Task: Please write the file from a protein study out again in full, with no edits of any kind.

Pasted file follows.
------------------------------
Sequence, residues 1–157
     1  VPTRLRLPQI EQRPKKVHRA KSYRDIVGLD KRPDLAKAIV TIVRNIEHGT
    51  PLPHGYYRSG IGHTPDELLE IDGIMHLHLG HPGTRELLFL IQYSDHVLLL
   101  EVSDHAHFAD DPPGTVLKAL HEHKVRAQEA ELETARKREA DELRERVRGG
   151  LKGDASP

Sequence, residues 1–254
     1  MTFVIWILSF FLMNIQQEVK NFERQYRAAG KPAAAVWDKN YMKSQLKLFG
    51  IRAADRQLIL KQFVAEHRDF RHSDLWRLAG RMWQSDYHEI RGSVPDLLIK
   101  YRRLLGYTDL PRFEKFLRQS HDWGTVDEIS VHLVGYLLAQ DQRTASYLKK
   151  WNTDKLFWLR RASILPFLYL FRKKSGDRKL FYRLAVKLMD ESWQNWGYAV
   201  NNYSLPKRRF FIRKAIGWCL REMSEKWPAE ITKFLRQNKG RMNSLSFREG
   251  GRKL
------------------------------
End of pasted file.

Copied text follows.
Sequence, residues 1–157
     1  VPTRLRLPQI EQRPKKVHRA KSYRDIVGLD KRPDLAKAIV TIVRNIEHGT
    51  PLPHGYYRSG IGHTPDELLE IDGIMHLHLG HPGTRELLFL IQYSDHVLLL
   101  EVSDHAHFAD DPPGTVLKAL HEHKVRAQEA ELETARKREA DELRERVRGG
   151  LKGDASP

Sequence, residues 1–254
     1  MTFVIWILSF FLMNIQQEVK NFERQYRAAG KPAAAVWDKN YMKSQLKLFG
    51  IRAADRQLIL KQFVAEHRDF RHSDLWRLAG RMWQSDYHEI RGSVPDLLIK
   101  YRRLLGYTDL PRFEKFLRQS HDWGTVDEIS VHLVGYLLAQ DQRTASYLKK
   151  WNTDKLFWLR RASILPFLYL FRKKSGDRKL FYRLAVKLMD ESWQNWGYAV
   201  NNYSLPKRRF FIRKAIGWCL REMSEKWPAE ITKFLRQNKG RMNSLSFREG
   251  GRKL